When Commanding Officer Lt. James Iredell Waddell of the Shenandoah learned of the South’s surrender, he made his way south. Some accounts say he didn’t believe the war was over and was heading to the young state of California to shell San Francisco, another commercial center. California had supplied thousands of soldiers for the Union war effort, and troops from California had pushed the Confederate Army out of Arizona and New Mexico in 1862.

On the way south, his ship encountered a British ship that confirmed the war had ended and that if he showed back up in the United States he would be tried and hanged.

By this time, Waddell had a bounty on his head and he decided to sail his teak-hulled war ship on to Liverpool, England, where he surrendered on Nov. 6, 1865.

Waddell’s was the last surrender of the Civil War, and he presided over the lowering of the Confederate flag on his ship while at anchor on the River Mersey.

The ship itself was put in the custody of the British government via a letter that Captain Waddell penned himself and walked up the steps to the Liverpool Town Hall, presenting it to the Mayor of Liverpool.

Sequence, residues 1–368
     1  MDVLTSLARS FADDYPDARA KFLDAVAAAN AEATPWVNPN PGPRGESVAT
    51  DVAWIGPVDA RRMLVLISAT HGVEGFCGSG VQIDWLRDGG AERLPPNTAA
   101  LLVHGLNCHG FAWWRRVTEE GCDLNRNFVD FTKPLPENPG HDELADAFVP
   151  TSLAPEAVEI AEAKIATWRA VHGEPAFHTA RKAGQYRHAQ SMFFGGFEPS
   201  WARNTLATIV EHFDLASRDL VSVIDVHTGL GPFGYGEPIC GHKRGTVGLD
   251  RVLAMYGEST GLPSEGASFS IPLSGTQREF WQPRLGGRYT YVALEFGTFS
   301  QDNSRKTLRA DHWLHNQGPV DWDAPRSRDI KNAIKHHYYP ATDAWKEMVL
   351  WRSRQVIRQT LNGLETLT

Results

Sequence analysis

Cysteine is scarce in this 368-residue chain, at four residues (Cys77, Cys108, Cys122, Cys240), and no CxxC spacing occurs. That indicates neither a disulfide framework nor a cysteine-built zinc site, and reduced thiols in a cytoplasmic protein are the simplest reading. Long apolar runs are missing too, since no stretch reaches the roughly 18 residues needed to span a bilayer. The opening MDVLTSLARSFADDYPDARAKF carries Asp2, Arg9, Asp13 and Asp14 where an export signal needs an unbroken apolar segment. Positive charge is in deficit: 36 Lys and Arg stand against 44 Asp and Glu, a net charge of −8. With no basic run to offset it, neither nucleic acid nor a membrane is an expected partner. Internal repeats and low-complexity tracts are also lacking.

The Shenandoah is the only Confederate ship to circumnavigate the globe. Her flag is now in the possession of the American Civil War Museum, which brings it out only occasionally, due to its size.

The Shenandoah’s flag is rarely displayed due to its size (roughly 7 feet x 12 feet).

The Shenandoah, which was commissioned to destroy the commerce of the North, had spent nearly a year at sea and had captured 38 ships — two thirds of them after the Confederacy had surrendered. Waddell had reportedly taken more than 1,000 Union prisoners.

The history of how the news reached Captain Waddell is conflicted. The Civil War Museum says that raids continued in Alaska, which was in Russian ownership at the time, until August.

After the Civil War ended, the whaling business fell on hard times, as it was no longer essential to the war effort, and with so many of the Union whaling vessels destroyed, America lost footing in the world as a leader in shipping.

And now, 155 years later, Democrats are destroying the monuments to their Confederate war heroes, and, ironically, they are still trying to destroy United States commerce. Also somewhat ironically, Republicans are still trying to respect the confederacy and its history, because it is the history of the nation.